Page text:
Establishment of cell lines with increased susceptibility to EV71/CA16 by stable overexpression of SCARB2.
BACKGROUND: Human enterovirus type 71 (EV71) and Coxsackievirus A group type 16 (CA16) belong to human Enterovirus species A of the family Picornaviridae. These viruses are recognized as the major pathogens responsible for epidemics of hand-foot-mouth disease (HFMD), which presents with fever and vesicular eruptions of palms, soles of the feet or mouth. Human scavenger receptor class B, member 2 (SCARB2) has been identified as the receptor for both EV71 and CA16, as overexpression of SCARB2 in cells can enhance virus replication significantly. METHODS: In this study, we used a lentivirus packaging vector to transduce the SCARB2 gene into human embryonic kidney cells (293), human rhabdomyosarcoma cells (RD) and African green monkey kidney cells (Vero) to create stable expression lines. Expression of SCARB2 in the resulting three transgenic cell lines was confirmed by real-time RT-PCR, immunofluorescence and flow cytometry. RESULTS: Levels of SCARB2 mRNA determined by real-time RT-PCR in 293-SCARB2 (293S) or RD-SCARB2 (RDS) transgenic cell lines were approximately 2 × 10(2) times higher than those in 293 and RD cells, respectively, and three times higher in Vero-SCARB2 (VeroS) than in Vero cells. Furthermore, EV71 and CA16 virus titers in 293S and RDS cells were 10(2)-10(3)-fold higher (detected in RD cell) than those in the parental cells, and a 10-fold higher titer of EV71 was achieved in VeroS cells compared with that in Vero cells. CONCLUSIONS: We established for the first time three cell lines stably overexpressing SCARB2, which showed drastic increases in susceptibility to EV71/CA16 infection. These optimal cell lines may be utilized to develop inactivated vaccines for EV71/CA16 and facilitate rapid detection and isolation of HFMD pathogens or other Enterovirus serotypes. Furthermore, these stable cell lines also can serve as tools to facilitate drug screenings as well as molecular studies on virus-host interactions and pathogenesis of causative agents for HFMD.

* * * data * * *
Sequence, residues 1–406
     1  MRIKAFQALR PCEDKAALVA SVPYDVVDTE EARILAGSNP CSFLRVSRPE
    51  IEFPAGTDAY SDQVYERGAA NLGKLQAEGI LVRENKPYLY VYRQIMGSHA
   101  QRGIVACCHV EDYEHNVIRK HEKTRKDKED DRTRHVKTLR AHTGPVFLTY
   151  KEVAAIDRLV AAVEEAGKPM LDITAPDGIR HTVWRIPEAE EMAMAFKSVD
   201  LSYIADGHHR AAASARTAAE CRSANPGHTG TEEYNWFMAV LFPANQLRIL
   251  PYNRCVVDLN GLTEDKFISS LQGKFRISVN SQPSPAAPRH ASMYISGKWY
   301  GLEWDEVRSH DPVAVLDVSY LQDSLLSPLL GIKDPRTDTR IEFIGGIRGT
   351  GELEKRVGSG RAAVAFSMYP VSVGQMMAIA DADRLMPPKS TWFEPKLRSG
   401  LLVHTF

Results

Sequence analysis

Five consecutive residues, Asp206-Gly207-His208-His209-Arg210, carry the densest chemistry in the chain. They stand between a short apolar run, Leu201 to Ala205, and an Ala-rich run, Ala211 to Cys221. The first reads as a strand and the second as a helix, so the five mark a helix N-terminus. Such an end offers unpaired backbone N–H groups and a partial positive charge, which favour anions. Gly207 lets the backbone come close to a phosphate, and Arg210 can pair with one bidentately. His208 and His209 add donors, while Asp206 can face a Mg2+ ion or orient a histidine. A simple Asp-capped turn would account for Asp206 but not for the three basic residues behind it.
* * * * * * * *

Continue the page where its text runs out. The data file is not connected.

Li, X; Fan, P; Jin, J; Su, W; An, D; Xu, L; Sun, S; Zhang, Y; Meng, X; Gao, F; Kong, W; Jiang, C
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